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SMALL BUSINESSES CAN SUCCEED IN TOUGH ECONOMY

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By The Staff

Tom McShane has had a lot of jobs in his lifetime – construction worker, carpenter, farmhand, biodiesel engineer, teacher, manager, performer, musician and more. But it was his love of music, his sense of community, and his family’s needs that led him to take the plunge into trying his hand at becoming a small business owner, despite the recent shaky and uncertain economy.

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Hewn From the Mountain is a music shop in Crestwood, owned and operated by McShane, that will soon celebrate two years in business. At the shop, McShane offers instrument sales, repairs and rentals (orchestral and school band), as well as an extensive line of accessories and strings. He also gives lessons for violin, viola, guitar, dulcimer, folk harp, mandolin and beginning piano. And he continues to hand-make dulcimers, sometimes out of recycled materials like old violin cases, which was one of his first jobs as a young man.

“I learned all this at a shop in Vermont. There was a cabinet shop on the ground floor and a guitar shop upstairs,” McShane said. “That’s where I learned how to make instruments.”

McShane’s love and interest in music began at an early age when he was handed a violin. He transitioned to viola and was a member of the first graduating class of the Youth Performing Arts School in Louisville in 1981. He performed for a while, then traveled around the New England area, finally settling down in Virginia where he repaired and made instruments and gave lessons, but always through another business. After he and his wife celebrated the birth of their twins, which constituted children 8 and 9 of their brood, McShane decided to come back to Oldham County, where his parents had always lived.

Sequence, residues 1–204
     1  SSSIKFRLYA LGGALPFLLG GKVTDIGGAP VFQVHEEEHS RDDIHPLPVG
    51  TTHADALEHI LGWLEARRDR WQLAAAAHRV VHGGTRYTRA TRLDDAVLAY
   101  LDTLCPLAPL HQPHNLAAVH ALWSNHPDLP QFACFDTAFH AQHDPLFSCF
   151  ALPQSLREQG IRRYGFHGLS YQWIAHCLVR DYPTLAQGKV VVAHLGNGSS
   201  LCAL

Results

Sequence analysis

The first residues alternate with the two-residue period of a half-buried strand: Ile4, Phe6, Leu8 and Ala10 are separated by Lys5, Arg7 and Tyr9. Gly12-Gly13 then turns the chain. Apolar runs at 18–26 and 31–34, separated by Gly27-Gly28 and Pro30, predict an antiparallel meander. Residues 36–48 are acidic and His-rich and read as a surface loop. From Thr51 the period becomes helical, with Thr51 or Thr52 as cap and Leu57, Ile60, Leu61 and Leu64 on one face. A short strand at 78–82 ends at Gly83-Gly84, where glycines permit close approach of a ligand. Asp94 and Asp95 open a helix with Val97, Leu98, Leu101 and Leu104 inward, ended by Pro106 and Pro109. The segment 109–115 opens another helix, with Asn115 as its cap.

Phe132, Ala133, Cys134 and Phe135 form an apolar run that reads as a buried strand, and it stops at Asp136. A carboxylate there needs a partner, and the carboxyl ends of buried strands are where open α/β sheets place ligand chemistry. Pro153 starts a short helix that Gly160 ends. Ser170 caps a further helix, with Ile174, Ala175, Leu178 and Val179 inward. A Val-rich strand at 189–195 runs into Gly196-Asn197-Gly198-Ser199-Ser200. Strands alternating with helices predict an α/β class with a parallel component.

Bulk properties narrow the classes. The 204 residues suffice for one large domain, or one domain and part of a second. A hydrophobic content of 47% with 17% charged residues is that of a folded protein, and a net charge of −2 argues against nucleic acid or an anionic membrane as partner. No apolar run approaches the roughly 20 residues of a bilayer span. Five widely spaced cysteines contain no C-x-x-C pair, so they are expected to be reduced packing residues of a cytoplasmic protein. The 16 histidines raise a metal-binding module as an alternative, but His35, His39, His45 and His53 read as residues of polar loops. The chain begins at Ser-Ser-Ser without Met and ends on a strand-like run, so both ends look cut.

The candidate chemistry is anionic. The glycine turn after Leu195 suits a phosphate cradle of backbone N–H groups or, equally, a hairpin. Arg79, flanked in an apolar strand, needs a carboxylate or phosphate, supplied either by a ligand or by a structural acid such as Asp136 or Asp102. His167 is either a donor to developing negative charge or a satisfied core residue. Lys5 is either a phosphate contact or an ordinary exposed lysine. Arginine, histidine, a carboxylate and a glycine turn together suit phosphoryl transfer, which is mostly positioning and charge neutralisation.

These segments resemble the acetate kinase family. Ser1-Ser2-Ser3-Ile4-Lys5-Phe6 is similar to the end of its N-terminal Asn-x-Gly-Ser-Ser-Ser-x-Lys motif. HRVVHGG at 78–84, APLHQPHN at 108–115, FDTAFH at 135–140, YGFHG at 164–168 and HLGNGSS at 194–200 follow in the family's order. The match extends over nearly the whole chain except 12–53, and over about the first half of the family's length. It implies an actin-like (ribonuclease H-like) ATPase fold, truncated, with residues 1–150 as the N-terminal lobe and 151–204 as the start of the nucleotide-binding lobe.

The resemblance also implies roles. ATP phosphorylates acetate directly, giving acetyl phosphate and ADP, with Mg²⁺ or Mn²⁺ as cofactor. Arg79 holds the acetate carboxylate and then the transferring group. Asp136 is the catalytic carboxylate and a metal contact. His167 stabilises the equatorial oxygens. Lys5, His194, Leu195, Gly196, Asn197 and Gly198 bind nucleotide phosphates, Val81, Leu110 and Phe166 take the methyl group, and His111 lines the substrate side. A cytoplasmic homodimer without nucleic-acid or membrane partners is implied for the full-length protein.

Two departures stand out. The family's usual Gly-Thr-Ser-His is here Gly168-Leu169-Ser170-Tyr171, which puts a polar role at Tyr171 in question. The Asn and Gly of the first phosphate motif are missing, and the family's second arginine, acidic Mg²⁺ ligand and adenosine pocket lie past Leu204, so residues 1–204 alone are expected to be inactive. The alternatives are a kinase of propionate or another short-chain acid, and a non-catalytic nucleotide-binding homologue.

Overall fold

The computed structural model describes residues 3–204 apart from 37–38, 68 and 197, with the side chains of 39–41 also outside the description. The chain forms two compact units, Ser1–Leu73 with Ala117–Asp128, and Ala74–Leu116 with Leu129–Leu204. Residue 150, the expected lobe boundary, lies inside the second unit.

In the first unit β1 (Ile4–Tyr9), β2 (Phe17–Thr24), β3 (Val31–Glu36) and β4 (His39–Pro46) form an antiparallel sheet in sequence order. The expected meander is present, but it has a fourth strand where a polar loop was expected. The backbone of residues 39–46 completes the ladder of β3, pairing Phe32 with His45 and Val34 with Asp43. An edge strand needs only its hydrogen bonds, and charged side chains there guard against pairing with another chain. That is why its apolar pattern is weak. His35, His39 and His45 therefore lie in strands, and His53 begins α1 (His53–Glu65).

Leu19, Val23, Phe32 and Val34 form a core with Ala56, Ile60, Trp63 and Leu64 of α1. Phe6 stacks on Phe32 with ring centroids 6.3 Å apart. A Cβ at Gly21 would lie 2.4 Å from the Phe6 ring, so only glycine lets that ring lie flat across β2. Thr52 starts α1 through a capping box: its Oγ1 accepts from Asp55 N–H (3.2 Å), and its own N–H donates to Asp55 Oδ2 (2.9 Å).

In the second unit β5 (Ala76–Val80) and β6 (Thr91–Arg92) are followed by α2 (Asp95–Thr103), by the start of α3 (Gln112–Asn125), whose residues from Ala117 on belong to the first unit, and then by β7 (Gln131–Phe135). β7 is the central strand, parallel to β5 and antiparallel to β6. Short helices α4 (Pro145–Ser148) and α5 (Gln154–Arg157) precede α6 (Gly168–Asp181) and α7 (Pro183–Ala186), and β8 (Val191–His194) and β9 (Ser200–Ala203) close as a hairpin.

“After 30 years of being away, I decided to come home and make a go of it,” McShane said. “I found a place in Crestwood, which when I was younger was barely an intersection. But I looked around and thought, wow, look what’s happening here. There’s been so much progress. I did some research on the area and the population trends and thought, I don’t want to start a business anywhere else. This is a great place to be.”

McShane found a location that had previously housed a Mexican grocery store. The owners had vacated the premises, leaving behind all their equipment, furnishings and inventory. The landlord agreed to allow McShane to rent the space and use whatever items had been left behind.

“They had left shelving and a cash register and lots of other stuff,” McShane said. “When you get set up with almost everything you need, it’s a great start.”

So McShane was able to open his business with a very low budget, and a friend with a successful business in Louisville helped him build up inventory. It was McShane’s first attempt at a bricks and mortar retail business. The venture has not been without significant challenges.

“It’s not quite putting the bread on the table yet, but we’re getting there,” McShane said. “All the research I’ve done says you have to devote 4 to 5 years to a business before you really start to see a return. You’ve got to really work your tail off when you’re starting a business.”

And McShane is doing all he can to ensure his business will succeed.

“The challenge is to make sure that you are continuing to grow at all times, and to find ways to educate the public about your shop, your services and your expertise,” McShane said. “Nine times out of ten, people come to the shop still and say they didn’t know I was here. Slowly but surely as people find me, I build my customer base, which helps me build my inventory.”

Future plans for Hewn From the Mountain include a large performance venue with food and drink, alongside the retail store because McShane wants to support local artists and create cultural opportunities for the community. He is a big proponent of supporting the local economy, and wants to run a shop full of unique, handmade items from local craftspeople and artisans.

And what advice does McShane have for others who are interested in opening their own businesses?

“You’ve got to know what you’re doing; use all your skills and experiences,” McShane said. “And diversify. You’ve got to have a lot of irons in the fire and know how to work those irons. And if you don’t know how to do it, find somebody who does.”

And to get through those hard days when no customers come in the door at all, McShane advocates sheer perseverance.

“Keep doing what you’re doing and eventually it will happen.”

Hewn From the Mountain is located at 5801 Veterans Parkway, #5, in Crestwood. McShane can be reached at (502) 275-9349. McShane performs at various local venues and with the Louisville Philharmonia Orchestra on viola. For more information, visit www.hewnfromthemountain.com.

Email us about this story at publisher@oldhamera.com.